Ashley Schumaker, of Allegan, becomes the third Central Michigan University College of Medicine student to earn a national four-year, full-ride scholarship from the National Health Service Corp that will cover her medical education costs.
Schumaker, who earned her undergraduate degree at Central, says the prestigious award is an endorsement of the mission of CMU’s medical program.
“The College of Medicine is attracting so many people who are committed to providing healthcare to medically underserved areas,” Schumaker said. “It’s awesome to be surrounded by students and faculty who demonstrate how devoted they are to fulfilling that mission.”
Nearly 1,850 students across the country pursuing primary health care professions in underserved areas applied for 190 scholarships from the NHSC. Fewer than 60 scholarships went to medical school students like Schumaker.
Schumaker agrees to provide one year of service in a medically underserved area for each year of financial support. She currently gets her clinical experience at the Nimkee Memorial Wellness Center working with patients from the Saginaw Chippewa Indian Tribe.
“You can really sense the trust in relationships — the patients love their doctors,” Schumaker said. “It’s nice to know you can get so close to the people you are there to help.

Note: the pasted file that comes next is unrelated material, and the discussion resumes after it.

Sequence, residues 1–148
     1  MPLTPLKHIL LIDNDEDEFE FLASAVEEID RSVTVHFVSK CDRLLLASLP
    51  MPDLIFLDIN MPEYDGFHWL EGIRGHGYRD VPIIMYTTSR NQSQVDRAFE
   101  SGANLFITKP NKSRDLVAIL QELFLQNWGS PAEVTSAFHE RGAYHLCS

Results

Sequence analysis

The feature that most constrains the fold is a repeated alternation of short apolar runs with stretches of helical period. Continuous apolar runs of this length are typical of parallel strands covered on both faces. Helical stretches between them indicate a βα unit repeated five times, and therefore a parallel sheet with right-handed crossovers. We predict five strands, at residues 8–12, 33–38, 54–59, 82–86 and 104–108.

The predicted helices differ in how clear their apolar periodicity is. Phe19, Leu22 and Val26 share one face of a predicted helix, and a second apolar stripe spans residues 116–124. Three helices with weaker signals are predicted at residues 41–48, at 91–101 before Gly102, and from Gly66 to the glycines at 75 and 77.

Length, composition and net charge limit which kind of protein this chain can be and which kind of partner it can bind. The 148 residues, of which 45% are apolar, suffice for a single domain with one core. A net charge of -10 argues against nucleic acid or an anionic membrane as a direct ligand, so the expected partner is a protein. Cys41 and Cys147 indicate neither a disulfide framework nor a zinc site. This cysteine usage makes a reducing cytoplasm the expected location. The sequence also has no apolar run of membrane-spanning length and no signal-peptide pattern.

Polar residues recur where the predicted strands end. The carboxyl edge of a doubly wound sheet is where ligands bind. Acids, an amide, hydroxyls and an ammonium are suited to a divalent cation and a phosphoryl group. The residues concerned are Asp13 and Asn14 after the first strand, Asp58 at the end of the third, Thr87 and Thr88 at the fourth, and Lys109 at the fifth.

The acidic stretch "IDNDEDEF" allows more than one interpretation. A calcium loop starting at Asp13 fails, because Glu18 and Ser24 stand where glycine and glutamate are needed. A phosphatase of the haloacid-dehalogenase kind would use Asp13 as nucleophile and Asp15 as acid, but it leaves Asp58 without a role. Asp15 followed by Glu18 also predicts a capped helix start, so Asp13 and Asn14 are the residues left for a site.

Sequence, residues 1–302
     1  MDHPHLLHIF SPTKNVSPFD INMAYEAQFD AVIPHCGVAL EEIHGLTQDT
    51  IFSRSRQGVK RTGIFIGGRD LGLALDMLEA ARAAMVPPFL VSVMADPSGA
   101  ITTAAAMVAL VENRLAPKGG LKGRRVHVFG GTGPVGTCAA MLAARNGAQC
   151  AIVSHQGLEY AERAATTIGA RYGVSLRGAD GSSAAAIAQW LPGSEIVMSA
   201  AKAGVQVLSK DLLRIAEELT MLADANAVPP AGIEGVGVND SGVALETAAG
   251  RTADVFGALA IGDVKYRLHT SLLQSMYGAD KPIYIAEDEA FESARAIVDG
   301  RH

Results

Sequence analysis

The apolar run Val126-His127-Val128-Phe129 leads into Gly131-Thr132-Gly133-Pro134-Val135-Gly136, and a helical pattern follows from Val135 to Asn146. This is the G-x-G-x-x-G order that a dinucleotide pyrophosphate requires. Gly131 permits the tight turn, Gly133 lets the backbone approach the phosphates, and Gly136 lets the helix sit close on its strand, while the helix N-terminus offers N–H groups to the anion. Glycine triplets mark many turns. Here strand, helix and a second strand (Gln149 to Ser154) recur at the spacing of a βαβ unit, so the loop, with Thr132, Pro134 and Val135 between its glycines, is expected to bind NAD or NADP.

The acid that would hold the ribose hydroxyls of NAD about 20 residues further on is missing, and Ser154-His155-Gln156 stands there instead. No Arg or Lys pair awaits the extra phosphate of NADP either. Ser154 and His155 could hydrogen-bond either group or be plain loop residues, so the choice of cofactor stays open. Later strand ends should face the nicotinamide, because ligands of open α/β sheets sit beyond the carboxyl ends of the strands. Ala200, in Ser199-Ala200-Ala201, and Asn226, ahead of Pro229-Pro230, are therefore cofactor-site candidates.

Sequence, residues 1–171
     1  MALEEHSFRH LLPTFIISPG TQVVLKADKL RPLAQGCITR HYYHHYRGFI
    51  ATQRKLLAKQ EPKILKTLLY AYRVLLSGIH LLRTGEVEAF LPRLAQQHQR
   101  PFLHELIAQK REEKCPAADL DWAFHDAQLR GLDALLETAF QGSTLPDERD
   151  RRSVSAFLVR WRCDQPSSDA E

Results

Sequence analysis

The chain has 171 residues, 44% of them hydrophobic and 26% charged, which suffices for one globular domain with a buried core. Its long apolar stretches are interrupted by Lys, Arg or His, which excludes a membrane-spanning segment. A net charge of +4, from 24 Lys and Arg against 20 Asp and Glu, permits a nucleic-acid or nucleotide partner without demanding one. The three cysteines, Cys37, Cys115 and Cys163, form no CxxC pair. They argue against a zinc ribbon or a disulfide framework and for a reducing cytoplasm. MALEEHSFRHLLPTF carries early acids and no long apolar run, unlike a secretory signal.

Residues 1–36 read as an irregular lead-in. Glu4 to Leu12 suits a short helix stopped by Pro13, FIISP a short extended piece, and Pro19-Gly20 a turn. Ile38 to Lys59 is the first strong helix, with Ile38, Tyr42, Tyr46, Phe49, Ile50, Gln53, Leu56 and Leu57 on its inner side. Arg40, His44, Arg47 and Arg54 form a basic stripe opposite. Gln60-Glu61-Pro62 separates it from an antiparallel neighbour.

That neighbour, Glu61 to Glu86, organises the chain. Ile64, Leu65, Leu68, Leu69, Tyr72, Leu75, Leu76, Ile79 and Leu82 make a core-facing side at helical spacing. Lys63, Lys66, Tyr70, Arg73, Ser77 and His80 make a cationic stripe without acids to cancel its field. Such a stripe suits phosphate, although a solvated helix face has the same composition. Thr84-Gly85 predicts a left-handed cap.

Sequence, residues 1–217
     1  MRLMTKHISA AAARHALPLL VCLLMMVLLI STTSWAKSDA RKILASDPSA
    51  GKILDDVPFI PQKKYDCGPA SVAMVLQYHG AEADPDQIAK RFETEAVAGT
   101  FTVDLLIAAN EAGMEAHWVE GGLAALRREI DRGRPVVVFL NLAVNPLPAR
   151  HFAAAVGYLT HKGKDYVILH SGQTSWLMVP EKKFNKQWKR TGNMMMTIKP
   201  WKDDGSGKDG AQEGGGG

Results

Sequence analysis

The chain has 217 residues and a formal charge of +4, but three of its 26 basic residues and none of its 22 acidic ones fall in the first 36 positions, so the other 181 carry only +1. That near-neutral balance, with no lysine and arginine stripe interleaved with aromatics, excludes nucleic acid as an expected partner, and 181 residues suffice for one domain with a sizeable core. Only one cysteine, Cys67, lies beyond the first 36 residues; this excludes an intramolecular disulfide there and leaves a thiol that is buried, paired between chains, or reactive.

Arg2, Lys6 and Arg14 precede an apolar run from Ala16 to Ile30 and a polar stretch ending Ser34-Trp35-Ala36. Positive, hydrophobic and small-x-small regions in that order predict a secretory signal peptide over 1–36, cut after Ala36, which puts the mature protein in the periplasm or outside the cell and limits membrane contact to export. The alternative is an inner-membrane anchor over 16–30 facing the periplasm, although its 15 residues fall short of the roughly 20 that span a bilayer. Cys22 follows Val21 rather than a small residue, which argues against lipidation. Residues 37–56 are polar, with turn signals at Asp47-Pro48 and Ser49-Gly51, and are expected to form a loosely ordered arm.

“I picture myself always working in an underserved area because I’m so passionate about it,” Schumaker said. “I’m hoping to practice with children whose parents have a hard time getting health care for them. I want to be involved in the community so I can see the positive impact health access can make in a child and community’s life.”
Barbara Buehler, of Delton, and Paige Piper, of Midland, now third year students, are the first College of Medicine students to get their medical school costs paid for.
Buehler is completing her hospital-based clerkship in Saginaw. Piper is doing her community-based clerkship in Sault Ste. Marie.
Growing up in a small southwestern Michigan community made her appreciate the need for improved access to quality medical care.
“I’ve experienced driving an hour or more if you need advanced health care,” Schumaker said. “We know that having a population of people that has poor health doesn’t affect just that group — it impacts society as a whole. Addressing that issue is what motivates me.”
CMU is the 137th medical school in the country. Now in it’s third year with 272 students, 85 percent are from Michigan. The College of Medicine was founded to address a growing shortage of physicians that is expected to reach 6,000 doctors by 2020. Rural and medically underserved areas like central and northern Michigan are expected to be hardest hit.
More than 85,260 students are pursuing doctor of medicine degrees in the U.S.